The solution for this is absurdly simple: just teach your dog that the tightening of the leash reliably predicts wonderful stuff. You need your dog, on-leash, and a large supply of his favorite treat, cut into pea-size pieces. Now pull gently on his leash – and feed him a treat. Do this multiple times, until a tug on the leash prompts your dog to turn happily to you in anticipation of a goodie. Then increase the pressure on the leash, and the duration of the pressure. Next, practice the “leash pressure equals treat” game in the presence of increasing distractions, and finally in the presence of other dogs.

Identify and address the specific cause of your dog’s on-leash aggression; manage his on-leash behavior to prevent the frustration, arousal, stress, and fear that are the root causes of his undesirable behavior; give him new associations with the presence of other dogs; and keep him safe from inappropriate social interactions (canine and human), and he will be well-positioned to succeed.

Pat Miller, CBCC-KA, CPDT-KA, is WDJ’s Training Editor. She lives in Fairplay, Maryland, site of her Peaceable Paws training center, where she offers dog training classes and courses for trainers. Pat is also author of many books on positive training, including, Do Over Dogs: Give Your Dog a Second Chance at a First-Class Life.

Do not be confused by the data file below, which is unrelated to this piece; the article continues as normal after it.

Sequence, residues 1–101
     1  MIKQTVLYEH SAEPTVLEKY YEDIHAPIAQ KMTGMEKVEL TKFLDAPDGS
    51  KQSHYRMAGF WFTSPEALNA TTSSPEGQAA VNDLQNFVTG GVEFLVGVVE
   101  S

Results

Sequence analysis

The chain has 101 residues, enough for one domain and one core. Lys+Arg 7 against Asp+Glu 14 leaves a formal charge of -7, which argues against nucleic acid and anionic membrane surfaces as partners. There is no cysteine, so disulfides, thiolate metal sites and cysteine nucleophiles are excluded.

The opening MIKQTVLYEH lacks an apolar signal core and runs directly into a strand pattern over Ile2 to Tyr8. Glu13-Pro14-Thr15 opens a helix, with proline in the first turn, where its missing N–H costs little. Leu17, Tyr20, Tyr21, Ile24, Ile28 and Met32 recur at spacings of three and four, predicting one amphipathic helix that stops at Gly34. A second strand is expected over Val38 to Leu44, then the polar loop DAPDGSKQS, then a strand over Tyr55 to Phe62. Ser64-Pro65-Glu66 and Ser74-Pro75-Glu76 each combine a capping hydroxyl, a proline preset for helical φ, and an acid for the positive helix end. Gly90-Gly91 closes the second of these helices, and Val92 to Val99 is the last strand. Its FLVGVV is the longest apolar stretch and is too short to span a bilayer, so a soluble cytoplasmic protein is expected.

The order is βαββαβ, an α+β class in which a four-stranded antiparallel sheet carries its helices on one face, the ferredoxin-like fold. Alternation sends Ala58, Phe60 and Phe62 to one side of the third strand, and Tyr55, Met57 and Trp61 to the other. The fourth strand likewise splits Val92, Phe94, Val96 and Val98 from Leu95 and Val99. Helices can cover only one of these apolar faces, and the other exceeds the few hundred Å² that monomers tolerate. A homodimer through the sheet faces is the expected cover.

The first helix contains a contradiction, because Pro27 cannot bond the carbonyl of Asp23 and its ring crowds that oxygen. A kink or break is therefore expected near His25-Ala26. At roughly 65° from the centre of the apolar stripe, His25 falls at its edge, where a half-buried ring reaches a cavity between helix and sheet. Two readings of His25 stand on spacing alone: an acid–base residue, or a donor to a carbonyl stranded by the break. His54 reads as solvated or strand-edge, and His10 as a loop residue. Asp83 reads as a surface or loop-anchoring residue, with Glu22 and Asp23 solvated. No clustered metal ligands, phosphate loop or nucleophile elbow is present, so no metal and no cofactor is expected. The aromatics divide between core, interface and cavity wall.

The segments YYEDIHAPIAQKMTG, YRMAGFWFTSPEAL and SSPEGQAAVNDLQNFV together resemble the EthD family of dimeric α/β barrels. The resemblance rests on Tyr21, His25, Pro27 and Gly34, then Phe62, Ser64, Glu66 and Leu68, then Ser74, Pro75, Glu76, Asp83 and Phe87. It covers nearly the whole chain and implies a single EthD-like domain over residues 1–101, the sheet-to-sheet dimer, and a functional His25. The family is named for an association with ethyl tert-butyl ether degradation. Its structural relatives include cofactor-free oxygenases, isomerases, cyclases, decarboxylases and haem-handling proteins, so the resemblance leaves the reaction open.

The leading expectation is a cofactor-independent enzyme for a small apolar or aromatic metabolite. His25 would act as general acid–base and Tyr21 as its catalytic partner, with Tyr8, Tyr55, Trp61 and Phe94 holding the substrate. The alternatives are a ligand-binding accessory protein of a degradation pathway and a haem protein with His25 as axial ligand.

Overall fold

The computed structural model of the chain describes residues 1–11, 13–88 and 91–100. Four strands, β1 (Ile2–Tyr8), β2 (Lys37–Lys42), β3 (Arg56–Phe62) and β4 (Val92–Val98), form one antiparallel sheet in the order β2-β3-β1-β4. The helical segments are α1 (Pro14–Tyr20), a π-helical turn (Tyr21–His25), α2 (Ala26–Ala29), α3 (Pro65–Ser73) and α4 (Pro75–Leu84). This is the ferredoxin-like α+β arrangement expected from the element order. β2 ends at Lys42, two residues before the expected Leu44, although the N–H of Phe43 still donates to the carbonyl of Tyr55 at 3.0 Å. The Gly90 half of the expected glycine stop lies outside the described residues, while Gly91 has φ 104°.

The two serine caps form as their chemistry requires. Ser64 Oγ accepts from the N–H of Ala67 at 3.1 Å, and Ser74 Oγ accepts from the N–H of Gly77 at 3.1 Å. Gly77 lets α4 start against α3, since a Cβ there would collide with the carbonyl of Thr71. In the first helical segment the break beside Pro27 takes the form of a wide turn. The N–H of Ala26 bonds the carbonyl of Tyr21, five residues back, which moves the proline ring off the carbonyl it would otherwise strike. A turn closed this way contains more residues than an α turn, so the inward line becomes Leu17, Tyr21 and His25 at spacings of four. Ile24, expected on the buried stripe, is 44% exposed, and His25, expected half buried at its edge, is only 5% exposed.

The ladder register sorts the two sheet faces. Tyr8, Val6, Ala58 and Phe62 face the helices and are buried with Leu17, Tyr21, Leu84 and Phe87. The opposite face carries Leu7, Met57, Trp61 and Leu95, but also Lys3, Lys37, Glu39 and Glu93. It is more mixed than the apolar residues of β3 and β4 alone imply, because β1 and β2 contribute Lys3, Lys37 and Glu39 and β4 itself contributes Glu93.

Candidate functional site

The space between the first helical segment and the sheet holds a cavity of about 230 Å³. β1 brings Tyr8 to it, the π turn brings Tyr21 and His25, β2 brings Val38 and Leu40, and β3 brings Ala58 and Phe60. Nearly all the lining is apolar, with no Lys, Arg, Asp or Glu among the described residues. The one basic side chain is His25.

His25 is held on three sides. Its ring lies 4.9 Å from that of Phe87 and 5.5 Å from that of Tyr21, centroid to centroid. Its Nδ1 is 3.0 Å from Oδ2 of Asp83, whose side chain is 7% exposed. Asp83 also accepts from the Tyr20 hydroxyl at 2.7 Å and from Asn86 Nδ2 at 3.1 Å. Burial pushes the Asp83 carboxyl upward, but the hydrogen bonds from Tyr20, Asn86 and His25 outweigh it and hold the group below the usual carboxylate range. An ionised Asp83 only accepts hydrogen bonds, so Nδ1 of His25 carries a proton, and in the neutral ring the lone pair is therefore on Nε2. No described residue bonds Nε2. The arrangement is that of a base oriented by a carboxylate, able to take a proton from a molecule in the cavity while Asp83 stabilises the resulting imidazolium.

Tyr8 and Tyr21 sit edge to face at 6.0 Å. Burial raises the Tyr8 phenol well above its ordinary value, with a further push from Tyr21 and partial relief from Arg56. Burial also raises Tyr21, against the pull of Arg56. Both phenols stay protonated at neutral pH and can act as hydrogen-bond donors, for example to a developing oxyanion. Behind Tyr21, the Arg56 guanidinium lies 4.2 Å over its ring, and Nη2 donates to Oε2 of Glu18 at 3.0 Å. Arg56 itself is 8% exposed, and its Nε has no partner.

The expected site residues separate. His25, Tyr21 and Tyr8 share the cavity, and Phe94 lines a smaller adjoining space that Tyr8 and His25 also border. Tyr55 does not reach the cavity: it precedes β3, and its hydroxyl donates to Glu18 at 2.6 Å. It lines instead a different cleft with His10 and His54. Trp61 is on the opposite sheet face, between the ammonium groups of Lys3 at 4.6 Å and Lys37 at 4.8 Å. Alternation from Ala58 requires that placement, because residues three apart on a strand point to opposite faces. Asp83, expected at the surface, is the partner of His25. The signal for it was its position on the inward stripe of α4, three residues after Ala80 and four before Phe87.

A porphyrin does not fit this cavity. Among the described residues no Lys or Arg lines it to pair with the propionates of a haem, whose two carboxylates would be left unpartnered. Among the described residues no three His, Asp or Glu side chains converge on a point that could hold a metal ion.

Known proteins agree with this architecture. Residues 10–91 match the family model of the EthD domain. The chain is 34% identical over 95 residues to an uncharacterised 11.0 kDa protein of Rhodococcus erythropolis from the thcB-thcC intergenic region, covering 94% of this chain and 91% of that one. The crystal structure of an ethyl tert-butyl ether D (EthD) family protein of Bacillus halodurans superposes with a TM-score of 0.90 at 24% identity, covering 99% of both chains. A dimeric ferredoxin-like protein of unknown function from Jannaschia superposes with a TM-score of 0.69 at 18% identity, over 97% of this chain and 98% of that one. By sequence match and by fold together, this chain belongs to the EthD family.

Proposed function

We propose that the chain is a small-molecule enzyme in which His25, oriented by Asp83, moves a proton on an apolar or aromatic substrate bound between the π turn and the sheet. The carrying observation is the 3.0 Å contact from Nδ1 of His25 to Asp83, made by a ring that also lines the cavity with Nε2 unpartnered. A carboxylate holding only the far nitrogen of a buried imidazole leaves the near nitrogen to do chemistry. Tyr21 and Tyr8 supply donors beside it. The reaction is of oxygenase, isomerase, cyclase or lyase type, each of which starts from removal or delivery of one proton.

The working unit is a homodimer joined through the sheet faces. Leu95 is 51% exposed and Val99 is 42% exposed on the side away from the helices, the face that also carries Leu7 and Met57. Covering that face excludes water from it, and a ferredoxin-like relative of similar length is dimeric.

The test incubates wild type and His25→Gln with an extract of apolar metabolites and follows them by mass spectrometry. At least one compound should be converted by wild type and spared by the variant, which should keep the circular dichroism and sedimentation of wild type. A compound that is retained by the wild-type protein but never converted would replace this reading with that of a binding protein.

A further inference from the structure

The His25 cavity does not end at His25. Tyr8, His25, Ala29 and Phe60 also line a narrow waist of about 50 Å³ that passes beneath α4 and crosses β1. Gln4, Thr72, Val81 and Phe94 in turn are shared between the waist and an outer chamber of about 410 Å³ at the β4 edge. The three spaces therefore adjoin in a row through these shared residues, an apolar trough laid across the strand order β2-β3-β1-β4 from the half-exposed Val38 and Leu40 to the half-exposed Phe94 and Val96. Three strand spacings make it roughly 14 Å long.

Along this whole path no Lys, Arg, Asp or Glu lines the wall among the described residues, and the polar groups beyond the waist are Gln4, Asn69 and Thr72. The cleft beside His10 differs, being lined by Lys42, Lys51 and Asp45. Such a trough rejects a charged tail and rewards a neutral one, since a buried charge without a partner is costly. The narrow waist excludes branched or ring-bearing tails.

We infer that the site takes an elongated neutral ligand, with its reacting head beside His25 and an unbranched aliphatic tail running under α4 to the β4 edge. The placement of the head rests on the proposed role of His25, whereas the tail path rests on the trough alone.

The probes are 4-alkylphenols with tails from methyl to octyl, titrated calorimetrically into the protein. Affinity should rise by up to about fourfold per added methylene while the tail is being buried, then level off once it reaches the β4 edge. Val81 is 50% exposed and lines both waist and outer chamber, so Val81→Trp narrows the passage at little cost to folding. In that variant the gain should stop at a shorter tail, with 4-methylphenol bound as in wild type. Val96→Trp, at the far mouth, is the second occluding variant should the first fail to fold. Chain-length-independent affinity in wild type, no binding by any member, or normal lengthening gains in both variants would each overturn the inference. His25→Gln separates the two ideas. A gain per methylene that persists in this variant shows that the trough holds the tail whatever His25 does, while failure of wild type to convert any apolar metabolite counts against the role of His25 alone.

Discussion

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Pat Miller, CBCC-KA, CPDT-KA, grew up in a family that was blessed with lots of animal companions: dogs, cats, horses, rabbits, goats, and more, and has maintained that model ever since. She spent the first 20 years of her professional life working at the Marin Humane Society in Marin County, California, for most of that time as a humane officer and director of operations. She continually studied the art and science of dog training and behavior during that time, and in 1996, left MHS to start her own training and behavior business, Peaceable Paws. Pat has earned a number of titles from various training organizations, including Certified Behavior Consultant Canine-Knowledge Assessed (CBCC-KA) and Certified Professional Dog Trainer - Knowledge Assessed (CPDT-KA). She also founded Peaceable Paws Academies for teaching and credentialing dog training and behavior professionals, who can earn "Pat Miller Certified Trainer" certifications. She and her husband Paul and an ever-changing number of dogs, horses, and other animal companions live on their 80-acre farm in Fairplay, Maryland.


  1. This article did not answer my question: “Why does my dog behave better off leash?”. I did not refer to encounters of any kind. He simply stays close (he can’t pull) and heeds my commands more readily, in a timely manner when he’s off leash. My question refers to that, not encountering other dogs. Can you provide me with any insight from that perspective? He can sit, go all the way down, stay, wait…etc off leash. However, on leash he pulls and sometimes ignores me. Why? He’s an intelligent Boy. Maybe I should take him out off leash more often.